Liz: I love that. I think that’s really cool.

Brandon: Yeah, I thought of it in a special team’s meeting in Canada. I was sitting there cause I wouldn’t play, I was inactive, I was hurt. And I was just sitting there writing down concepts and ideas and videos that I wanted to shoot. But I still had to be in the special team’s meeting because after I would finish since I couldn’t go practice or anything, I tore my meniscus about for the year, Coach Marc Trestman who used to coach for the Bears as well, and now he’s the head coach for the XFL Tampa Vipers, Tampa Bay Vipers or whatever, he used to let me go to…that’s when I started taking theatre classes. I enrolled in Montreal’s School of Performing Arts because I was hurt and I didn’t want to just go out to practice and just stand on crutches. So I asked him, I said, Hey man, can I go and start taking, you know, enrol in a theatre class and after I do my rehab and sit through meetings, when you guys go to practice, can I go to class for the day? And he okayed it and that’s when I started doing that. I believe that was 2012.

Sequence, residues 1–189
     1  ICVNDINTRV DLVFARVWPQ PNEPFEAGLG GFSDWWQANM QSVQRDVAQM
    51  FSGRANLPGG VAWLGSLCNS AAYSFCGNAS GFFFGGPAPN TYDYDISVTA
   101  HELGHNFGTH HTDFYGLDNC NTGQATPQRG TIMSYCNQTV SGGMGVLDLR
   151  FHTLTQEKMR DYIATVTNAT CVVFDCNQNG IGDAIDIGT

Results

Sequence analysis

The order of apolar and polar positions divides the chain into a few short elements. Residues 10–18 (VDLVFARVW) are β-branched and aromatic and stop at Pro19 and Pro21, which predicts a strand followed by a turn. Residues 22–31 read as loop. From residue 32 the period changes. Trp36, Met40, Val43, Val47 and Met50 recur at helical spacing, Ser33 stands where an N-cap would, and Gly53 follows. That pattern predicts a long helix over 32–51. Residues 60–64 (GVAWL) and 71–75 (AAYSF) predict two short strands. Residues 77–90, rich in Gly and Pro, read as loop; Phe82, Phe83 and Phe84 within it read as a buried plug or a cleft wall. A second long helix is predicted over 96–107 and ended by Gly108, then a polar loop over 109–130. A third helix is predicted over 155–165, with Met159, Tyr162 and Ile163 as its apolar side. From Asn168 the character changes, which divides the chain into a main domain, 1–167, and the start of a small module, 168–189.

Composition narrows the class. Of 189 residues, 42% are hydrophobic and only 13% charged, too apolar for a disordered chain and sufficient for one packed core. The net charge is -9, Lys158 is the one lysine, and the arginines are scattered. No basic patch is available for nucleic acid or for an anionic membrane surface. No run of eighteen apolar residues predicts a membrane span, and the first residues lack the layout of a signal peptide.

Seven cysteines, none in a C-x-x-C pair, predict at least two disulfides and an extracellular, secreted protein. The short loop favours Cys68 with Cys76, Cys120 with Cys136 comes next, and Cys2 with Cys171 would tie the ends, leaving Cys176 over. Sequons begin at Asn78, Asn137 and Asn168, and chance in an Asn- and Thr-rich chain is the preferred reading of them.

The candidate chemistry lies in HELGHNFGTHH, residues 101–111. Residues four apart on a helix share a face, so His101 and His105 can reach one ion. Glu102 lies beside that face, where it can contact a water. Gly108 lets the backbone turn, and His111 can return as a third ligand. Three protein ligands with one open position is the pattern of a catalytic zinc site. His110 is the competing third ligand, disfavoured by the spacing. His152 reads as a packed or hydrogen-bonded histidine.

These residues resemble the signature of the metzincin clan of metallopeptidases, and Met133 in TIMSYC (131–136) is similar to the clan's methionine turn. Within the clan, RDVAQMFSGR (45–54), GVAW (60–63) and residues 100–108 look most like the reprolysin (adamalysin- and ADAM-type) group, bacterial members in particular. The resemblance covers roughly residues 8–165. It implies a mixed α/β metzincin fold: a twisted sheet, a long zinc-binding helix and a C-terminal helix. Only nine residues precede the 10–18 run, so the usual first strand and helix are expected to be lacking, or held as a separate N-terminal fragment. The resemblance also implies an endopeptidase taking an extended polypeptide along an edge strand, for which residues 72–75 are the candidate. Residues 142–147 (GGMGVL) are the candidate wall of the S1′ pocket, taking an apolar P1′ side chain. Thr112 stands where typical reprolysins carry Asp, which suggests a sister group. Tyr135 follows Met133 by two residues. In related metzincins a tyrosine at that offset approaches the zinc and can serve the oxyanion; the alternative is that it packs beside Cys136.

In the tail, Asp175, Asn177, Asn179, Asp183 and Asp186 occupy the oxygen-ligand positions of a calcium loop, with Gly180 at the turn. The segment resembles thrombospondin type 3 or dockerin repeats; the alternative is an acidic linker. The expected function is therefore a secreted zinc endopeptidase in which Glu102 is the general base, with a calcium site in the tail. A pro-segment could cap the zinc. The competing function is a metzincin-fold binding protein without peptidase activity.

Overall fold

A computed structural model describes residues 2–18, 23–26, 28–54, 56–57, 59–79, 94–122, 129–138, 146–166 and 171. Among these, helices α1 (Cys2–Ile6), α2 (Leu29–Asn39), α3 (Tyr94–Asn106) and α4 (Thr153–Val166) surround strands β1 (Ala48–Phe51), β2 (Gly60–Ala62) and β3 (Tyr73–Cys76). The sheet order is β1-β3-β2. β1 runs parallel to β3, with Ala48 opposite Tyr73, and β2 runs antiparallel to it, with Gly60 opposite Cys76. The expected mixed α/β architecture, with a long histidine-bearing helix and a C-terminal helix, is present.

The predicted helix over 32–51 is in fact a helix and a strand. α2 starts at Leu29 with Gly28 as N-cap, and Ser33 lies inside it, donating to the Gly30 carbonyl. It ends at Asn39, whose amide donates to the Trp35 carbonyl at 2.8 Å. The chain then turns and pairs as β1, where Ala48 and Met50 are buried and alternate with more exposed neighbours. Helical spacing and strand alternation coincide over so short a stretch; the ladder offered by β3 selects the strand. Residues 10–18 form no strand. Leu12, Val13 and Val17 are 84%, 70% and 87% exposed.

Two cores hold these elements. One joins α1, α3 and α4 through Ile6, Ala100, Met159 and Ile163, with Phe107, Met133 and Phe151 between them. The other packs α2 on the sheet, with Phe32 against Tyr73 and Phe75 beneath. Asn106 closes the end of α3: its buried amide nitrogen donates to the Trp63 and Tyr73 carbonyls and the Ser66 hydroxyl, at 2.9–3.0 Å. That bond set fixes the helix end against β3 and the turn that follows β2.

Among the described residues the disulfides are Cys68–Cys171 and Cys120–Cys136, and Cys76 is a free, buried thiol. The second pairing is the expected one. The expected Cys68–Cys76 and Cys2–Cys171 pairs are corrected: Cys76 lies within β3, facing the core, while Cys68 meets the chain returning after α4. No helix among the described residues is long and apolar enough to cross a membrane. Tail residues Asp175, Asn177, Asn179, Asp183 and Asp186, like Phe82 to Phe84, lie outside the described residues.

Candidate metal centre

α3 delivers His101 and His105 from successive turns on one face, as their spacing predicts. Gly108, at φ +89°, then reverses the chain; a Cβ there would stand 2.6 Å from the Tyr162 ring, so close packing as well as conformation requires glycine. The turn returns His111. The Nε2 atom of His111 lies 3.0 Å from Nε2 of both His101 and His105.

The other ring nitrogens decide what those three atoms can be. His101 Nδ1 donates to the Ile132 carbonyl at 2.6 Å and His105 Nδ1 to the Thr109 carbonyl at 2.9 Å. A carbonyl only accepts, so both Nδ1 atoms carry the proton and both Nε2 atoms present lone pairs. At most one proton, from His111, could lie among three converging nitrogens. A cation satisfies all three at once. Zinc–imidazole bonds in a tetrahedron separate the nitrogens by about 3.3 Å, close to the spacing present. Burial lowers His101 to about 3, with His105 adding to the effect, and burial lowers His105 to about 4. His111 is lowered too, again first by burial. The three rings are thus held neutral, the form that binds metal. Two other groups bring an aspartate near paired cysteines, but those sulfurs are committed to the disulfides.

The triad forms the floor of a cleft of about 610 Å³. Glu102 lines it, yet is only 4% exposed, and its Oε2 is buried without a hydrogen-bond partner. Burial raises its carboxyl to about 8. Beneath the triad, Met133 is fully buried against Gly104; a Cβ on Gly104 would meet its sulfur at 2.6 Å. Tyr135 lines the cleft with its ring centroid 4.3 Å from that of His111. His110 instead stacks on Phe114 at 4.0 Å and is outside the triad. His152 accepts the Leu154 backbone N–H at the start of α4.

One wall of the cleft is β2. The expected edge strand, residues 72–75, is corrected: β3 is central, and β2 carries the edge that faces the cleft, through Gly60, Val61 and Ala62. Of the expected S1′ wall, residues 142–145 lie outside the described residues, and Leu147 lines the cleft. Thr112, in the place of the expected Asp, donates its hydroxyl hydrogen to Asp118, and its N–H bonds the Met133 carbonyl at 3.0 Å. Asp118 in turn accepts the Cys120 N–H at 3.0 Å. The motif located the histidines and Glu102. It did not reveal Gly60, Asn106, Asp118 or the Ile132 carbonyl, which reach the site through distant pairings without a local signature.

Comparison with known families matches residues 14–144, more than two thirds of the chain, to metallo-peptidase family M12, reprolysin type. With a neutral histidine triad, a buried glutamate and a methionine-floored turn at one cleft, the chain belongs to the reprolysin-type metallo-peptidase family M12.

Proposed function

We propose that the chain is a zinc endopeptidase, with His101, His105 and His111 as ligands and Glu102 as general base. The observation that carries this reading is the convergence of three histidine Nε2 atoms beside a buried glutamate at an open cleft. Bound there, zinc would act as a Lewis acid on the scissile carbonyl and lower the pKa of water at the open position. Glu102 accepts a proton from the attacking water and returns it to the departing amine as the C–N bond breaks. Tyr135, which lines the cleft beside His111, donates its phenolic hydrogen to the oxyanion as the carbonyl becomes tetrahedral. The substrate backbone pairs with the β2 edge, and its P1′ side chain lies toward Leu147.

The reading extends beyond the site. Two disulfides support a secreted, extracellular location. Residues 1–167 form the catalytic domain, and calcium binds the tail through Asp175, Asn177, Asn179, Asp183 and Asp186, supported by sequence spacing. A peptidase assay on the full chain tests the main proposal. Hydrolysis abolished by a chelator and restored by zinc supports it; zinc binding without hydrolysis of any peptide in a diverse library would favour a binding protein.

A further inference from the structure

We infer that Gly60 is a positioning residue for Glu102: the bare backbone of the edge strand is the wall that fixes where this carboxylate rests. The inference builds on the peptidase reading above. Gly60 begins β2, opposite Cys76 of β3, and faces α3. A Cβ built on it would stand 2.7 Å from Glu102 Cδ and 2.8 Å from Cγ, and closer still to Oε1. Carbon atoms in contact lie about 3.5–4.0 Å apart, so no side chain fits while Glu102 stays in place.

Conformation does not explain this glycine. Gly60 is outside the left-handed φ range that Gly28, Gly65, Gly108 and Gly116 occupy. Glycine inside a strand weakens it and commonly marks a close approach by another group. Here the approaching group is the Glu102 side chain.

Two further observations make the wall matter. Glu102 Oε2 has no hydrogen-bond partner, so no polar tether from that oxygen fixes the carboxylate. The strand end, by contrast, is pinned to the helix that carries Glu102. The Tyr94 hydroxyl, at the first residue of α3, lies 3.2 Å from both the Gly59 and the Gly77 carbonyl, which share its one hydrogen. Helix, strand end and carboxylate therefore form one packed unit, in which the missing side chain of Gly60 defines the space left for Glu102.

Liz: That was really cool that you kind of had the opportunity as well.

Brandon: Yeah. Well, that was a blessing, for sure.

Liz: Awesome. Well listen, it’s been so good to talk to you today and it’s been really cool to kind of hear your story. So yeah, thank you so much.

Brandon: Oh, this was fun. And hopefully, I can make it to one of your meet ups to share, you know, hopefully, travel is eased, you know, towards…first and foremost, I hope we can have a football season, but I would love to try and do something with you all go over there. You know, I would love to get over there and the first pint is on me.

Liz: Absolutely. Well, you’re always welcome over.

Brandon: Okay. Well, take it easy and thank you for having me on.